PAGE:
Dairy Farmers of Canada to the Trudeau government: Promises must be kept


A free-market think-tank suggests offering American negotiators in upcoming NAFTA talks more open trade in dairy, in exchange for more predictable trade in softwood lumber to secure long-term peace in that perennially problematic file. A Holstein cow stands in a pasture at a dairyfarm near Calgary in an August 31, 2016, file photo. THE CANADIAN PRESS/Jeff McIntosh

Dairy farmers are tired of waiting and are breaking their silence.

The federal government made significant market access concessions in three successive trade deals: the Comprehensive Economic Trade Agreement (CETA) with Europe, the Comprehensive and Progressive Agreement for Trans-Pacific Partnership (CPTPP) with the Asia-Pacific region and finally the new Canada-United States-Mexico Agreement (CUSMA), which came into effect July 1, 2020. Combined, the three represent an annual loss of at least $450 million in revenue.

As a result of these agreements and concessions to the WTO, by 2024, 18 per cent of domestic dairy production will be outsourced. Foreign producers will supply milk for imported dairy products which will displace dairy products made with Canadian milk on supermarket shelves.

In 2019, the government announced compensation for CETA and the CPTPP, to be paid directly to farmers over eight years. The first instalment was issued at the end of last year, then silence: no further payments, and no word on when the remaining payments would be issued, even for this year – the uncertainty remains.

The government has also committed to full and fair compensation for CUSMA, but so far, no further details have been announced.

Prime Minister Trudeau, Deputy Prime Minister Freeland and Minister of Agriculture Bibeau have each repeated their commitment towards compensating dairy farmers for these trade agreements several times. The government often speaks about the contribution dairy farmers make towards the economy and our food security. In the Speech from the Throne earlier this fall, they said that “farmers keep our families fed, and we will continue to help them succeed and grow.”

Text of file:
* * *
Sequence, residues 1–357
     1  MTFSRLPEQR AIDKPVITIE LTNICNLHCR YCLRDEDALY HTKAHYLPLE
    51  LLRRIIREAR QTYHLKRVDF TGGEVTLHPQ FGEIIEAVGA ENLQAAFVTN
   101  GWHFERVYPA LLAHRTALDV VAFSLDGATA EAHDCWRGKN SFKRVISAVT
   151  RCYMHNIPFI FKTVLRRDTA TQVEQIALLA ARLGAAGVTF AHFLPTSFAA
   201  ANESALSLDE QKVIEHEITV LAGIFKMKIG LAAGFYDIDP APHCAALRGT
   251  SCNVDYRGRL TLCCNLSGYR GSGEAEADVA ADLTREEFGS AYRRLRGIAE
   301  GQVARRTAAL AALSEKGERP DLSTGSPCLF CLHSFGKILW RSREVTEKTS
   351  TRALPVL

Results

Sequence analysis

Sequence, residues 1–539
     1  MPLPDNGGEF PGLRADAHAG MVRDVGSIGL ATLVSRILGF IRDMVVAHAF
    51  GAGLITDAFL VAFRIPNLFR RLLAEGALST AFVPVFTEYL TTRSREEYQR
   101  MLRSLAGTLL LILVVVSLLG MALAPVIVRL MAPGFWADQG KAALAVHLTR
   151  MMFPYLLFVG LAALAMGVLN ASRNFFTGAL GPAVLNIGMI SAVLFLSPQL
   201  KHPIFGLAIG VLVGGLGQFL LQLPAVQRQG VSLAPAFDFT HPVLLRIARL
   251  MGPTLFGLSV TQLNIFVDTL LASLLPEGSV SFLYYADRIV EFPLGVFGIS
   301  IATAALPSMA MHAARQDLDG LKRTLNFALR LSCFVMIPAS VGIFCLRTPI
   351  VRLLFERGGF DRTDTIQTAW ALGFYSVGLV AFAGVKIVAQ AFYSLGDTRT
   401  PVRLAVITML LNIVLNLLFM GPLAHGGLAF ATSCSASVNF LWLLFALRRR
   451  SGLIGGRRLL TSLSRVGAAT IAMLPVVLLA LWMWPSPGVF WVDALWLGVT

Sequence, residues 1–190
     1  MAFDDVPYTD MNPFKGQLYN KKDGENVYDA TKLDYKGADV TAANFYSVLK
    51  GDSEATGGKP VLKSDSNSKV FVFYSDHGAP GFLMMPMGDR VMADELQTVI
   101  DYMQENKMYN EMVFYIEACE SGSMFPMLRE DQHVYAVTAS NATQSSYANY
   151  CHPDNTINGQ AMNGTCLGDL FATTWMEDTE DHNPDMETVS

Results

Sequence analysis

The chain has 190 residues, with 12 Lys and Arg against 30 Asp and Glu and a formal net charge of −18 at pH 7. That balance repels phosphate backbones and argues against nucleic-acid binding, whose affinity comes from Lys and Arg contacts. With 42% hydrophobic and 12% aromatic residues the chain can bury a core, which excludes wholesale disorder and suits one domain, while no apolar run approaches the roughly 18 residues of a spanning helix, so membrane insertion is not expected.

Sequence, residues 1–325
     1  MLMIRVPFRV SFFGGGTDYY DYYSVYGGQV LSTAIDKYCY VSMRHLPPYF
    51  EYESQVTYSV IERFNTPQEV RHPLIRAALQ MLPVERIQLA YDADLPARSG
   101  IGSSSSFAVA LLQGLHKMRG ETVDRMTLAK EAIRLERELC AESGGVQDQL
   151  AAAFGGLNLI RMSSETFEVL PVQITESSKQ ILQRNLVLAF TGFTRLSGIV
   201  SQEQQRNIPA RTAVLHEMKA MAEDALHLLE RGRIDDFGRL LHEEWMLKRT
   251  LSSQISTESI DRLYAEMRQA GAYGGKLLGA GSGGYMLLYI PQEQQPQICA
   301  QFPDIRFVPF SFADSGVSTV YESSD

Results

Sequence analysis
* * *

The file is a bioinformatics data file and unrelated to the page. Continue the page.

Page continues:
Yet, here we are. It’s not exactly easy to budget, pay your debts or plan investments in a situation like this!

Dairy farmers have not made it through the pandemic unscathed. Despite making adjustments, farmers incurred losses. However, we have not asked for any pandemic-related financial assistance from the government, while in other countries like the U.S., farmers received a multi-billion-dollar bailout.

Canadian dairy farmers continue to manage the negative effects of the pandemic, but these trade deals will have impacts that are much wider-reaching and longer-lasting.

Given the pandemic, Canadians are demanding greater self-sufficiency in our food production. The pandemic has demonstrated the weakness of a model that relies disproportionately on the U.S. for our food. By holding out on its commitments to dairy farmers, the government is weakening a whole sector essential to our food security.

Dairy farming is one of the most important agricultural sectors in Canada and a key driver of economic activity, particularly in rural communities where the need is highest. The sector supports over 221,000 full-time-equivalent jobs, contributes $19.9 billion annually to Canada’s GDP, and generates $3.8 billion in tax revenue every year. Without the promised compensation, farmers may delay or cancel investments, which will have serious consequences.

That’s why we are reminding the government of its commitment to mitigate the impact of these concessions on our industry. It’s time for action, not just words!

Where does your local Member of Parliament stand on this issue; with dairy farming families or in support of Ottawa’s inertia? The question deserves an answer!

– Pierre Lampron, president, Dairy Farmers of Canada

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